I understand that there are a variety of opinions in this city, in this chamber, and probably even among this body about federal immigration policy, and I can live with that. But what we need to insist upon is that federal immigration policy remain federal. The police in Lowell cannot become de facto immigration officers, or it will destroy everything they have worked so long to achieve.
The City of Lowell loves community policing, and it loves federal money. Man, do we love federal money! And for years, the two went hand in hand. We got federal money to do community policing; yay! But now, we may have to make a choice, and God help us if we make the wrong one. If this city loses some funding, we can buckle down and pick up where we left off in four years. But if we sell out the immigrant communities in this city for 30 pieces of silver, they will remember. Their children will remember. We will destroy the community policing relationship for generations, and we will be back to the days of teenagers throwing bottles at police cars. I urge this body to take the opportunity tonight to reject that path – to give clear, unequivocal guidance to the LPD that they are to continue to adhere to the values that have served this city so well for so long. Thank you.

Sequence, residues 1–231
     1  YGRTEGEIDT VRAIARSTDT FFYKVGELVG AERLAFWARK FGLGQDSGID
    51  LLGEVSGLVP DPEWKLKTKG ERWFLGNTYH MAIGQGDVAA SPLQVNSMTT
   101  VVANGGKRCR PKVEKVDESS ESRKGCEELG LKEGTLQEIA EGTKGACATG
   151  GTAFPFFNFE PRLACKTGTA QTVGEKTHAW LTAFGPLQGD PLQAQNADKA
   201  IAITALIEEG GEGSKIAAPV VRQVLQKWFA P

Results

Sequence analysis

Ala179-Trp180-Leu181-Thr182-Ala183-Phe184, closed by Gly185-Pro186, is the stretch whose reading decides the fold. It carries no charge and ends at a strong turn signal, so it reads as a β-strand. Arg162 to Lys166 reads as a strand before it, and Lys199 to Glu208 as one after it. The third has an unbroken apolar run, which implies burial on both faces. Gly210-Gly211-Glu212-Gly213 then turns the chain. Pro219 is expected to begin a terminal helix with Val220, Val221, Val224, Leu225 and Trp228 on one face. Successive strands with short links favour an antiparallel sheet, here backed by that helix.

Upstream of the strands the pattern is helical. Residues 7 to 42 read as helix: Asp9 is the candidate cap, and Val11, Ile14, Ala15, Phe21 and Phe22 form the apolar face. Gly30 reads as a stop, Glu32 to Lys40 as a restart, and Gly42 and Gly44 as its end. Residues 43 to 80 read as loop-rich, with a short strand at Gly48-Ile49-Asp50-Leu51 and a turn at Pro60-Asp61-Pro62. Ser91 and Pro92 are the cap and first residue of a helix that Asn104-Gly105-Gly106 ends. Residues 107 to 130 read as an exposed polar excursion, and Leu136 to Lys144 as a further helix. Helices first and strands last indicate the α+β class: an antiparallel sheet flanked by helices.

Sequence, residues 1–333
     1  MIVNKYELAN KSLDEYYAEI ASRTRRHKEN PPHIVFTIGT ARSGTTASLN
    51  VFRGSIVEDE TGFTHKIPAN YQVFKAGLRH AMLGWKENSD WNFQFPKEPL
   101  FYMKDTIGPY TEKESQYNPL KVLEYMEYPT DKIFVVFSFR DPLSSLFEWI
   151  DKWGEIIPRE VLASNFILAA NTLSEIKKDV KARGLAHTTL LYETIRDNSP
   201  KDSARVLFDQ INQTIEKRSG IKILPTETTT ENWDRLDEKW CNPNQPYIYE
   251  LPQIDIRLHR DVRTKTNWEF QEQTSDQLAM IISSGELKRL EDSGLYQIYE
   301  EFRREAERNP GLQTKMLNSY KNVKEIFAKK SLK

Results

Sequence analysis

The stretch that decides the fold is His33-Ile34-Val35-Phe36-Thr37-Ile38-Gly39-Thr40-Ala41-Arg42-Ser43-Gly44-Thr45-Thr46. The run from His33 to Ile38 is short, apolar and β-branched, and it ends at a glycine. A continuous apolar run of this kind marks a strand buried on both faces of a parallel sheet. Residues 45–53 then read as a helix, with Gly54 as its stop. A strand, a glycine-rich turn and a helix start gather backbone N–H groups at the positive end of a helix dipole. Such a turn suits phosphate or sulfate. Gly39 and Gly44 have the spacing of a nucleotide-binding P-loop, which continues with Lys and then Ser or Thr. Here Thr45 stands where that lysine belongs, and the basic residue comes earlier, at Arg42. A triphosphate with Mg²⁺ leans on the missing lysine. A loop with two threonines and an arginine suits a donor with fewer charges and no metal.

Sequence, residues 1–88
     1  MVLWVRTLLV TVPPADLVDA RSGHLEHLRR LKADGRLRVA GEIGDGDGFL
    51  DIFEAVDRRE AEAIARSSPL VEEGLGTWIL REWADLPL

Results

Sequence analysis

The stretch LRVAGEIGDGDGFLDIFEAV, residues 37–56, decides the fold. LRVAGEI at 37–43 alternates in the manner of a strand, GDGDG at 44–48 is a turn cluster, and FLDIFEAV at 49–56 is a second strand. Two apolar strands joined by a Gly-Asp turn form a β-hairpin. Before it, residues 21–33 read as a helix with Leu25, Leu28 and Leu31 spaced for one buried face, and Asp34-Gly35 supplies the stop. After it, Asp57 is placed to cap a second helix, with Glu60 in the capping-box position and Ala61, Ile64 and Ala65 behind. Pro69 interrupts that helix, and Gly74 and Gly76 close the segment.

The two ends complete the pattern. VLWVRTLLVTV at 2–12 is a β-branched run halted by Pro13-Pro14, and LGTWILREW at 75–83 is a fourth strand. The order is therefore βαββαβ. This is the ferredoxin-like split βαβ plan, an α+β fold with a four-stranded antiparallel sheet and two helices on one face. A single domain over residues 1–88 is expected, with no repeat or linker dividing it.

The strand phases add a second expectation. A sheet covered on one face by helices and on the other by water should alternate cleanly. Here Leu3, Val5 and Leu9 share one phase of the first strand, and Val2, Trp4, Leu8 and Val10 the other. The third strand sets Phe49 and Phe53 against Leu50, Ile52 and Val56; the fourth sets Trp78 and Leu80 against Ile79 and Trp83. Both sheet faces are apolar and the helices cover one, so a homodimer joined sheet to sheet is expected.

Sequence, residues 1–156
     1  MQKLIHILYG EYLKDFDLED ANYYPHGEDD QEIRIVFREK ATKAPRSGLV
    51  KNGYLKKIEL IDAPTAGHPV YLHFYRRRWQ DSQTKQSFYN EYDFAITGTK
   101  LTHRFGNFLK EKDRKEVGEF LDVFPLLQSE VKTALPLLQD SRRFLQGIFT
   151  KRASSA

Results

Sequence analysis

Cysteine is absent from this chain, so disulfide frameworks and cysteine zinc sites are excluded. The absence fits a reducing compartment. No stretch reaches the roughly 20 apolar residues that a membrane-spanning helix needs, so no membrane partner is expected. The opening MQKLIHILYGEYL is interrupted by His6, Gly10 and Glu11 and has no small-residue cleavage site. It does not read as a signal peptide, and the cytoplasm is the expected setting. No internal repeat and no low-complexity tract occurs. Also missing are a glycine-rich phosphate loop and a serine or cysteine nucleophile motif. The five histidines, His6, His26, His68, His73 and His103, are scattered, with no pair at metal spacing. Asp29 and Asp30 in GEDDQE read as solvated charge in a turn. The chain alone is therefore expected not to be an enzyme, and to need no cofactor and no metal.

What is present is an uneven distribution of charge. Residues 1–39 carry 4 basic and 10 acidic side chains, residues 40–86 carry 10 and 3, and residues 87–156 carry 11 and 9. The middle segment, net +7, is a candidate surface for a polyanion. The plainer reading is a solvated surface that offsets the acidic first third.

The decision of the Council was to submit the matter to the City Manager for a report. Most of the Council appears to view the issue as, in Councillor Mercier’s words*, “a solution in search of a problem.” And, indeed, the Lowell Police Department** has for many years had an informal policy of not even collecting immigration status information from suspects, or anyone else for that matter. The majority of the councillors made it clear that they are in agreement with the LPD’s policy, or at least give them the well-earned benefit of the doubt. If their position is that want to eat their cake and have it too – that is, to have the policy without making it official and endangering federal funding – I can respect that. Still, the proponents will have achieved a win, even without the ordinance passing, if the Council and Manager confirm their support for the LPD’s practices, and the LPD itself is sent the clear message that the Council will have their back on this matter.
*To the “Socialist Alternative” fellow I met in the hall: there is really no call to be interrupting Councillor Rita Mercier as she is speaking from her chair in the council chamber. She has more than earned the right over the years of her public service to speak her mind.
**I owe Police Chief William Taylor an apology. Sir, I have slandered you in my mind. During the process to choose the chief, I was hoping that Arthur Ryan would be elevated, or perhaps Acting Chief Deb Freidl would be given the post permanently, since I trusted them to vigorously pursue a community policing strategy, while I considered Taylor more likely to backslide. His tenure in office, especially his response to the immigration issue, has proven me wrong. Chief Taylor, you are a true successor to Ed Davis.